The Asia TV Forum officially kicked-off its market today and boy did we get to hear about some great deals already! Probably the biggest and the earliest one of them all was Cartoon Network cementing its ongoing relationship with Xilam Animation by snapping up season 5 of one of its hottest properties, the slapstick animation, Oggy and the Cockroaches.
TheGraphicSlate.com sat down with Cartoon Network’s Mark Eyers and Xilam’s Marc du Pontavice to better understand how did this association commence in the first place and more importantly what’s keeping it going strong for the past 5 years.
“I believe it was back in 2010 that Cartoon Network’s acquisition team began approaching Xilam to look at associating together for Oggy and the Cockroaches,” Eyers recollected.
The show has managed to capture its audiences across continents and was first aired in 1998. The series has successfully completed 4 Seasons till date and entertained a million kids globally. With this deal, there will be a fifth season as well, which is slated for a 2017 premiere. But what’s most interesting is the fact that Oggy and the Cockroaches Season 5 (78×7’) will be also available in Ultra HD.
This acquisition follows the co-production agreement between Cartoon Network and Xilam for 2012’s Season 4, which is currently airing exclusively on the network.
“APAC is becoming an important supporting partner for us, with not just an audience but also with funding. Thus, for Season 5 nearly 15-20 episodes of the 78 will be having an Asian flavour, since we want Asia to feel its their product as well,” revealed Pontavice.
He further added that the show’s director Oliver Jean-Marie even flew down to India to spend a week to understand the culture and tastes and do justice to the characters’ trip here in the series.
On the question of how important is India for ‘Oggy’ as an IP, Pontavice emphasised, “India is the market that first started it all for Oggy in Asia. And ever since it started in 2007-08 there has been no looking back. Cartoon Network saw its potential and took it to the rest of Asia.”
Xilam is known for its slapstick, chase cartoon humour, but in the past couple of years the studio has taken a decision to explore more genres and stories. “We are now expanding into the pre-school category, and are also doing a live action wildlife documentary for kids apart from working on live action and animation hybrids,” he further informed.
As a culture, Xilam also allows its experienced and talented development team to continue developing their own ideas on the sidelines, when they are not working on client projects. “Its very important for creativity to keep flowing, it should never be restricted. And this culture has also helped us in developing the talent of tomorrow for the studio.” Xilam’s founder and CEO added.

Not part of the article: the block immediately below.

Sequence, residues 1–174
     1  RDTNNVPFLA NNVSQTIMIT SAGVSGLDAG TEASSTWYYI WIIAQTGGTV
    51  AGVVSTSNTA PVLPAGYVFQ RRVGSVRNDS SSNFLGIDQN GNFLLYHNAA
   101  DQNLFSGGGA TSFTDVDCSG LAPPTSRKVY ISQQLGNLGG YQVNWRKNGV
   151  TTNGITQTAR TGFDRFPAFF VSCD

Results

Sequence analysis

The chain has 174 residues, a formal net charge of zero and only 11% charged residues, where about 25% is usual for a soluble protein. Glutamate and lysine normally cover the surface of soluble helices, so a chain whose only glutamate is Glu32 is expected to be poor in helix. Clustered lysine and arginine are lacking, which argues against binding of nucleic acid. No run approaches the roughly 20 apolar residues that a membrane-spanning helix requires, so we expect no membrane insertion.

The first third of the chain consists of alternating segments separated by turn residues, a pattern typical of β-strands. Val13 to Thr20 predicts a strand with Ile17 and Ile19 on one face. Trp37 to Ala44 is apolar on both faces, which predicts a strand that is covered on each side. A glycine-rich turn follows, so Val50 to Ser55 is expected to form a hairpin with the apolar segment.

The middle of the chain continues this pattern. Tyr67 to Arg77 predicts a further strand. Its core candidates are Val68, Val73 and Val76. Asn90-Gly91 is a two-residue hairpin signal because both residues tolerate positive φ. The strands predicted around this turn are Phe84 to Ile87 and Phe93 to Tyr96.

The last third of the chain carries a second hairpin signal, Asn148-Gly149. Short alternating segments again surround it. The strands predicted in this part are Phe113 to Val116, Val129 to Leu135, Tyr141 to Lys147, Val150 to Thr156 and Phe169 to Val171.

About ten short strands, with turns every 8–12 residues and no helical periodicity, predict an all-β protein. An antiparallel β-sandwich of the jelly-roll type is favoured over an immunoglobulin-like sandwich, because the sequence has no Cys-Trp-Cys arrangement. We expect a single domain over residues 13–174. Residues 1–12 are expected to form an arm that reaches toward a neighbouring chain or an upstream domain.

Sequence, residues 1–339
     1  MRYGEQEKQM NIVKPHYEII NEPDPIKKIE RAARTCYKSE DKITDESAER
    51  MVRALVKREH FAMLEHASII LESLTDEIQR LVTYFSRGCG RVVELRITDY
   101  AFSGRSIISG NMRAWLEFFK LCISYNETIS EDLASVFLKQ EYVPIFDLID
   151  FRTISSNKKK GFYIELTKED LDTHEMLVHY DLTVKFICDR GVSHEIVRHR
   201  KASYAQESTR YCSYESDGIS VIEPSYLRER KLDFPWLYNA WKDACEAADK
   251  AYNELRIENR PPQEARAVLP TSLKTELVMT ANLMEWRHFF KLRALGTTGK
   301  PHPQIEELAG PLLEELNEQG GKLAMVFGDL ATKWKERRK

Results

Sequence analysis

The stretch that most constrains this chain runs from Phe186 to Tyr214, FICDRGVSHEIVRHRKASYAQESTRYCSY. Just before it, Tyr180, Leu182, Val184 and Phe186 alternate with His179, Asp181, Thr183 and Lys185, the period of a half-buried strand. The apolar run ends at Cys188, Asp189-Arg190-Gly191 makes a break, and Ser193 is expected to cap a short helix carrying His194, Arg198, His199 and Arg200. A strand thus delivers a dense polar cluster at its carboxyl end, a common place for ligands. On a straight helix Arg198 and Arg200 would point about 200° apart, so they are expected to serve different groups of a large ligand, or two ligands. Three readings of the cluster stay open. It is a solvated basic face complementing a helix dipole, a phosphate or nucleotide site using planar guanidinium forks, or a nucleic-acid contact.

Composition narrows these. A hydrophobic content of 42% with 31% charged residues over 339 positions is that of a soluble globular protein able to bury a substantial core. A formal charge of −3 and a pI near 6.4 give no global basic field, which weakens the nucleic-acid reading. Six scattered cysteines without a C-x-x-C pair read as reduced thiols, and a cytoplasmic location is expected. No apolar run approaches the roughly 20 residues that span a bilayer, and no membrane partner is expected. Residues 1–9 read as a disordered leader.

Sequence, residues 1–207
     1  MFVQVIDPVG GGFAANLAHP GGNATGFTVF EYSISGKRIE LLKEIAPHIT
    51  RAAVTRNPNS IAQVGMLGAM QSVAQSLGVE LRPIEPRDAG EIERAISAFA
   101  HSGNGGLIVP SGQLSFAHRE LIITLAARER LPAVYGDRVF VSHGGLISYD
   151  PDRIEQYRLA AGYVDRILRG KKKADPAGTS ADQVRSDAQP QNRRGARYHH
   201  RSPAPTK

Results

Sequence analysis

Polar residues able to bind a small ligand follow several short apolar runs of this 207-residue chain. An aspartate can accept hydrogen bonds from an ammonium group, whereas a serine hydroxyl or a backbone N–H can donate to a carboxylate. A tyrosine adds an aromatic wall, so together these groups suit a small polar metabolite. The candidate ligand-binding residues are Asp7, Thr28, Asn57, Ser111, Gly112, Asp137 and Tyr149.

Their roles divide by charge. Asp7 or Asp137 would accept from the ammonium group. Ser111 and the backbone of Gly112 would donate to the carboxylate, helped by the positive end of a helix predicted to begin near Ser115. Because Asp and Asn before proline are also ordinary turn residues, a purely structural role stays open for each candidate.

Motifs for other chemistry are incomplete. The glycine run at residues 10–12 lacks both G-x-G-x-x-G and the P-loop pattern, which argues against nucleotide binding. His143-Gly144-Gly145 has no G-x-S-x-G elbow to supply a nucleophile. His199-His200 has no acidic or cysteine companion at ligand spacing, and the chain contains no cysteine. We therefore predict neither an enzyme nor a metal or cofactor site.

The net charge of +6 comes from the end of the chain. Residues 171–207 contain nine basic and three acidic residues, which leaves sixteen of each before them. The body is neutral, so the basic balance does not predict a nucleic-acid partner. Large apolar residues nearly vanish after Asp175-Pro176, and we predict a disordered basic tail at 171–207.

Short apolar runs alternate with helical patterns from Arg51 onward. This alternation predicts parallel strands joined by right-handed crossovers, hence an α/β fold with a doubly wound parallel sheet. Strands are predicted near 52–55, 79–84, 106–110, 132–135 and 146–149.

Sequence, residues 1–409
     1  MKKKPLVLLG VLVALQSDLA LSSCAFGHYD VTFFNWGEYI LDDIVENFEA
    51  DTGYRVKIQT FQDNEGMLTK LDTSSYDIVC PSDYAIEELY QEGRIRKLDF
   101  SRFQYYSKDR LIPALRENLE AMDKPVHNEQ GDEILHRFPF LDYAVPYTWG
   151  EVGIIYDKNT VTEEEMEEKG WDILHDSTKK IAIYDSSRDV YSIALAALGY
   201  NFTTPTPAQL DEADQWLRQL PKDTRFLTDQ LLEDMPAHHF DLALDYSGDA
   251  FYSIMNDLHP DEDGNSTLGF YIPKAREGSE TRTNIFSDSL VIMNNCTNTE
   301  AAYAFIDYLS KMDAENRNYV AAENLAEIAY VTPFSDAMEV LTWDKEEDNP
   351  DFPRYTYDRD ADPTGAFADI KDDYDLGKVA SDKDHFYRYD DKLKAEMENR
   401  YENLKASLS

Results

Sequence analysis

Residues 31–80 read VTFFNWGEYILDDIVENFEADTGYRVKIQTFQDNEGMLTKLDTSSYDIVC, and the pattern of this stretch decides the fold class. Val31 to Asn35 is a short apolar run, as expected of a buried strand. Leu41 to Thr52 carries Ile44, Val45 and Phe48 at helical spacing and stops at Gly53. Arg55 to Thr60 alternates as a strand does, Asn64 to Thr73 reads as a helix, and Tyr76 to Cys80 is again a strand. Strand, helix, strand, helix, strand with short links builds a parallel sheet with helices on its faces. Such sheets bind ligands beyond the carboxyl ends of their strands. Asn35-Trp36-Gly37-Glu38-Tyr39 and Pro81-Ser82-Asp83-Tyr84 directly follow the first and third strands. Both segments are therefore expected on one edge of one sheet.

On the question of how is Cartoon Network positioning Oggy differently in India, since a competing channel also holds rights to the earlier seasons, Eyers said, “We are the home of fresh comedy, and with both season 4 and 5, Cartoon Network worked closely with Xilam to bring fresher and newer episodes of Oggy to APAC. We are best positioned to have the freshest, funniest comedy there is. Having competitors in the category is only good for the genre and we will continue to be the premium home of new content in this region.”
On how Cartoon Network is continuing to work with various animation studios globally, he added, “One of the key things that we have done is, believing in diversity. We don’t look at Asia as a soup, its a well dressed Salad that offers different flavours. We have worked with studios like Animasia from Malaysia for Roll No. 21 and Xilam from Europe for Oggy; at the end, we are always looking for the newest and freshest content providers. We have worked with people from across continents and will continue to do so. We are creating opportunities for animation studios from Mumbai to Manila and Seoul to Sydney and will always continue our never ending search for great comedy and stories.”
Finally sharing his thoughts on how is the animation industry in Europe different from Asia, and what can be done to improve things here, Xilam’s founder said, “The European animation industry has been fortunate, as there has always been strong support from the government. Until recently US and Japan were the largest content providers, thus our government helped the industry to structure things and become more independent. Although its been a long term plan (20 years in making) it has paid off. I guess the local governments need to be a little more proactive and sow the seeds for the industry now to reap the benefits at a later stage.”
These are some wise words coming from folks who have taken the story of a blue cat chasing three crazy cockroaches to over 150 countries and counting… Artists, Producers and Creators bring out your note pads and make some important notes!